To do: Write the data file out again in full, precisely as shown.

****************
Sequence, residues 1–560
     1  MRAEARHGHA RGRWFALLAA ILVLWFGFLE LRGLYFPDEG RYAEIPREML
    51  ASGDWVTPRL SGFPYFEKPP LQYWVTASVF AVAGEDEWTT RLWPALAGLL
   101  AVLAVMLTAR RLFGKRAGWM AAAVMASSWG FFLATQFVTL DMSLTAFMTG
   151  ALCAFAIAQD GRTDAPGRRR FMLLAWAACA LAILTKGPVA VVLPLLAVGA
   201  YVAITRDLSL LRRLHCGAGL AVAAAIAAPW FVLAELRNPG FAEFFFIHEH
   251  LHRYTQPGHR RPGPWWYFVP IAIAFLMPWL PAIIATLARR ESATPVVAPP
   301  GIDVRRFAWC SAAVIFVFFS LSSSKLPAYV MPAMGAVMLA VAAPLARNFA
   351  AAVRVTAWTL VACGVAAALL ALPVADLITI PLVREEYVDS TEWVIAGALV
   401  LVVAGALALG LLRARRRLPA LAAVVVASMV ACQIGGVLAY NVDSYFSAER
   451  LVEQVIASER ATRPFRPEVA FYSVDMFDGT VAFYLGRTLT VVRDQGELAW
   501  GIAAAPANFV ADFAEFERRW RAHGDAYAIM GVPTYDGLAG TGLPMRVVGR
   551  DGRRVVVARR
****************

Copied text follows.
Sequence, residues 1–560
     1  MRAEARHGHA RGRWFALLAA ILVLWFGFLE LRGLYFPDEG RYAEIPREML
    51  ASGDWVTPRL SGFPYFEKPP LQYWVTASVF AVAGEDEWTT RLWPALAGLL
   101  AVLAVMLTAR RLFGKRAGWM AAAVMASSWG FFLATQFVTL DMSLTAFMTG
   151  ALCAFAIAQD GRTDAPGRRR FMLLAWAACA LAILTKGPVA VVLPLLAVGA
   201  YVAITRDLSL LRRLHCGAGL AVAAAIAAPW FVLAELRNPG FAEFFFIHEH
   251  LHRYTQPGHR RPGPWWYFVP IAIAFLMPWL PAIIATLARR ESATPVVAPP
   301  GIDVRRFAWC SAAVIFVFFS LSSSKLPAYV MPAMGAVMLA VAAPLARNFA
   351  AAVRVTAWTL VACGVAAALL ALPVADLITI PLVREEYVDS TEWVIAGALV
   401  LVVAGALALG LLRARRRLPA LAAVVVASMV ACQIGGVLAY NVDSYFSAER
   451  LVEQVIASER ATRPFRPEVA FYSVDMFDGT VAFYLGRTLT VVRDQGELAW
   501  GIAAAPANFV ADFAEFERRW RAHGDAYAIM GVPTYDGLAG TGLPMRVVGR
   551  DGRRVVVARR